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ft. Indeed Now flips make sense as elements of the labelled Ptolemy groupoid P the flip Fe is endowed with the natural eventually trivial permutation φ : τ → Fe (τ ) sending e to e′ and being the identity for all other edges. There is a standard procedure for converting a groupoid into a group, by using an a priori identification of all objects of the category. Here is how this goes in the case of the Ptolemy groupoid. For any marked tessellation (τ, ~a) there is a characteristic map Qτ : Q − {−1, 1} → τ . Assume that τ is the canonical triangulation representing this tessellation. We first label by Q∪∞ the vertices of τ , by induction: √ (1) −1 is labelled by 0/1, 1 is labelled by ∞ = 1/0 and −1 is labelled by −1/1. (2) If we have a triangle in τ having two vertices already labelled by a/b and c/d then its third vertex is labelled (a + c)/(b + d). Notice that vertices in the upper half-plane are labelled by negative rationals and those from the lower half-plane by positive rationals.

As it is well-known this labeling produces a bijection between the set of vertices of τ and Q ∪ ∞. Let now e be an edge of τ , which is different from ~a. Let v(e) be the vertex opposite to e of the triangle ∆ of τ containing e in its frontier and lying in the component of D − e which does not contain ~a. We then associate to e the label of v(e). We also give ~a the label 0 ∈ Q. In this way one obtains a bijection Qτ : Q − {−1, 1} → τ . Remark that if (τ1 , a~1 ) and (τ2 , a~2 ) are marked tessellations then there exists a unique map f between their vertices sending triangles to triangles and marking on marking. Then f ◦ Qτ1 = Qτ2 . The role played by Qτ is to allow flips to be indexed by the rationals and not by the edges of τ . Definition 3.4 (Ptolemy group [108]). Let T be the set of marked tessellations of Farey-type. Define the action of the free monoid M generated by Q−{−1, 1} on T by means of: q · (τ, ~a) = FQτ (q) (τ, ~a), for q ∈ Q − {−1, 1}, (τ, ~a) ∈ FT.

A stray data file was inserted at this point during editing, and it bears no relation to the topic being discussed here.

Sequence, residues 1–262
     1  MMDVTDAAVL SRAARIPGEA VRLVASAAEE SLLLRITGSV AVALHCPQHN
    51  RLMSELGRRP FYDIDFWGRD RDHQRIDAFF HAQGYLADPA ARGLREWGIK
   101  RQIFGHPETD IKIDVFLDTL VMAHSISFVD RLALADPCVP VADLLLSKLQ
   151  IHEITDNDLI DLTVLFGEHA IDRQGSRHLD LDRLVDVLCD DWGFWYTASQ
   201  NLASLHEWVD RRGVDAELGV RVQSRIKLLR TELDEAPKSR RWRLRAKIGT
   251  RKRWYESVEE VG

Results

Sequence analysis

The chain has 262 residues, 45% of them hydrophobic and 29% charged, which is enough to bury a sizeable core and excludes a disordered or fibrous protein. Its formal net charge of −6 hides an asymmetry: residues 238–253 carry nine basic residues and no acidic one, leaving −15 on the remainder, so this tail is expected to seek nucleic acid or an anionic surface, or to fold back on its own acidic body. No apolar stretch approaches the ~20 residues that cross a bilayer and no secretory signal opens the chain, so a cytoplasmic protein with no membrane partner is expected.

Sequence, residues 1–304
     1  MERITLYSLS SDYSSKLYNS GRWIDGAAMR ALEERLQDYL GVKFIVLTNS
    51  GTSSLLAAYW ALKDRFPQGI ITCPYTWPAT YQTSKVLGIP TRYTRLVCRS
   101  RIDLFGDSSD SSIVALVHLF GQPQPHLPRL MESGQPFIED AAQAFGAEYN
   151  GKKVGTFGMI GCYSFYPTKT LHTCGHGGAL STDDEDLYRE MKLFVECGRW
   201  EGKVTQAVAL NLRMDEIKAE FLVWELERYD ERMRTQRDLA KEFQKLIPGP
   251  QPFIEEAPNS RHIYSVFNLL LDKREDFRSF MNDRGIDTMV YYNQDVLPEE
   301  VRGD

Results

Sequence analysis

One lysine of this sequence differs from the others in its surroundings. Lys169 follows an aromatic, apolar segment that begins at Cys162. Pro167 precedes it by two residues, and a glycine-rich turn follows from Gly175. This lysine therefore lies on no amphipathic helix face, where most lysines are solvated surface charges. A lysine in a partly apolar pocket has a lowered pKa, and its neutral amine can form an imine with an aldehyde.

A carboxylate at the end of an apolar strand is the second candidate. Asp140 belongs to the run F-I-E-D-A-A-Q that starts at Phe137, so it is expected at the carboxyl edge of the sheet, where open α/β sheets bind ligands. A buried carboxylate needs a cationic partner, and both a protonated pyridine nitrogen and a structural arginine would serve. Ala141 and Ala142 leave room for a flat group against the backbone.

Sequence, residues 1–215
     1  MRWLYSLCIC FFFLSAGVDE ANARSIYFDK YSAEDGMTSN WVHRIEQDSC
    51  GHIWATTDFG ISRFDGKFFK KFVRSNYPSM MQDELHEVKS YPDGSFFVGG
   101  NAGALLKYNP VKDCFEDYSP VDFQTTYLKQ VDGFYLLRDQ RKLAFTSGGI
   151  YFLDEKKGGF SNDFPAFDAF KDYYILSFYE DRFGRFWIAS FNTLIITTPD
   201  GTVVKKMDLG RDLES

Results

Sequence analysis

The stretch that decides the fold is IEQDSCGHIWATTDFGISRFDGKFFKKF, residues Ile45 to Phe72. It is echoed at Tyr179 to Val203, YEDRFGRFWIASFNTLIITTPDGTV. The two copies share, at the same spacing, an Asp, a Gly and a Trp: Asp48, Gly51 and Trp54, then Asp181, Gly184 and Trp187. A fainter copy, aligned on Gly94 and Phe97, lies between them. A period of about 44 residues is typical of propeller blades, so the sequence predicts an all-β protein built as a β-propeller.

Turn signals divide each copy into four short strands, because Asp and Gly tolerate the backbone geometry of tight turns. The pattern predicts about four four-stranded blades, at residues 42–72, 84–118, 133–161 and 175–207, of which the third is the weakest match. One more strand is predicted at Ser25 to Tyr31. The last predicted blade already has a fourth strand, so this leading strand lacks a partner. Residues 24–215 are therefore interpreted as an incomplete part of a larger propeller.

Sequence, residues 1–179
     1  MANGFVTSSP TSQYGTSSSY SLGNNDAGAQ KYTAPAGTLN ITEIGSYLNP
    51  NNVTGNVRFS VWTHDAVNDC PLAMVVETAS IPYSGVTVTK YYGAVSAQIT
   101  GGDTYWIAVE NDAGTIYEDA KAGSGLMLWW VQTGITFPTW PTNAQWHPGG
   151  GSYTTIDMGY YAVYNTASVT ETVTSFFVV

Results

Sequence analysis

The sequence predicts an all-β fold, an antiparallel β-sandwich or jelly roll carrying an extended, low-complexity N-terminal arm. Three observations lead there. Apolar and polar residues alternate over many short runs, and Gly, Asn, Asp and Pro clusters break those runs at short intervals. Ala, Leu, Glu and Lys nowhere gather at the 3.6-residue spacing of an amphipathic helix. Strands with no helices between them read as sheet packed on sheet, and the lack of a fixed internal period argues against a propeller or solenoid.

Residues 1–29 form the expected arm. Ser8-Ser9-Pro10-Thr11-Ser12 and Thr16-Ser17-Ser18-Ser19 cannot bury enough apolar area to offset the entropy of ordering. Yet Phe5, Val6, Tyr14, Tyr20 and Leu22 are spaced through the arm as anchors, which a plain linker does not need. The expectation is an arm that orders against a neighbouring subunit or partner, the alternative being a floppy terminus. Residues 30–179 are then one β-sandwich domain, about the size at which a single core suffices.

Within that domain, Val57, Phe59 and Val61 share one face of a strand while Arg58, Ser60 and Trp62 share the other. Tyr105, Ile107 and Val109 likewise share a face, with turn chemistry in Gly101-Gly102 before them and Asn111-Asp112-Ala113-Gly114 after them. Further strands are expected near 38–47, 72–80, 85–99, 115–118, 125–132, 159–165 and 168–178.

We set f ∼ f ′ on M if the two actions of f and f ′ on T coincide. Then the induced composition law on M/ ∼ is a monoid structure for which each element has an inverse. This makes M/ ∼ a group, which is called the Ptolemy group T (see [108] for more details). In particular it makes sense to speak of flips in the present case. It is clear that flips generate the Ptolemy group.

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The notation T for the Ptolemy group is not misleading because this group is isomorphic to the Thompson group T and for this reason, we preferred to call it the Ptolemy-Thompson group. Given two marked tessellations (τ1 , a~1 ) and (τ2 , a~2 ) the above combinatorial isomorphism f : τ1 → τ2 provides a map between the vertices of the tessella1 tions, which are identified with P 1 (Q) ⊂ S∞ . This map extends continuously 1 to a homeomorphism of S∞ , which is piecewise-PSL(2, Z). This establishes an isomorphism between the Ptolemy group and the group of piecewise-PSL(2, Z) homeomorphisms of the circle. An explicit isomorphism with the group T in the form introduced above was provided by Lochak and Schneps (see [93]). In order to understand this isomorphism we will need another characterization of the Ptolemy groupoid, as follows. Definition 3.5 (Ptolemy groupoid second definition [108, 109]). The universal Ptolemy groupoid P t′ is the category whose objects are the marked tessellations. As for the morphisms, they are composed of morphisms of two types, called elementary moves: (1) A-move: it is the data of a pair of marked tessellations (τ1 , τ2 ), where τ1 and τ2 only differ by the d.o.e. The d.o.e. a~1 of τ1 is one of the two diagonals of a quadrilateral whose 4 sides belong to τ1 . Let us assume that the vertices of this quadrilateral are enumerated in the cyclic direct order by x, y, z, t, in such a way that a~1 is the edge oriented from z to x. Let a~2 be the other diagonal, oriented from t to y. Then, τ2 is defined as the marked tessellation τ1 \ {a~1 } ∪ {a~2 }, with oriented edge a~2 .

(2) B-move: it is the data of a pair of marked tessellations (τ1 , τ2 ), where τ1 and τ2 have the same edges, but only differ by the choice of the d.o.e. The marked edge a~1 is the side of the unique triangle of the tessellation τ1 with ideal vertices x, y, z, enumerated in the direct order, in such a way that a~1 is the edge from x to y. Let a~2 be the edge oriented from y to z. Then, a~2 is the d.o.e. of τ2 . Relations between morphisms: if τ1 and τ2 are two marked tessellations such that there exist two sequences of elementary moves (M1 , . . . , Mk ) and (M1′ , . . . , Mk′ ′ ) connecting τ1 to τ2 , then the morphisms Mk ◦ . . . ◦ M1 and Mk′ ′ ◦ . . . ◦ M1′ are equal.

Remark 3.1. Given two marked tessellations τ1 and τ2 with the same sets of endpoints, there is a (non-unique) finite sequence of elementary moves connecting τ1 to τ2 if and only if τ1 and τ2 only differ by a finite number of edges. From the above remark, it follows that P t′ is not a connected groupoid. Let P t = P t′Q be the connected component of the Farey tessellation. It is the

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23